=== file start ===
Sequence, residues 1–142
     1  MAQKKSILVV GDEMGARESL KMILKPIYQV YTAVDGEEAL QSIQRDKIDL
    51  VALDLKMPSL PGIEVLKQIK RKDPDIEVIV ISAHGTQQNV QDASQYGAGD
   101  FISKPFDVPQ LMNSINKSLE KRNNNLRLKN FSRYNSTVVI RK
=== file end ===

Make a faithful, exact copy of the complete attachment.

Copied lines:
Sequence, residues 1–142
     1  MAQKKSILVV GDEMGARESL KMILKPIYQV YTAVDGEEAL QSIQRDKIDL
    51  VALDLKMPSL PGIEVLKQIK RKDPDIEVIV ISAHGTQQNV QDASQYGAGD
   101  FISKPFDVPQ LMNSINKSLE KRNNNLRLKN FSRYNSTVVI RK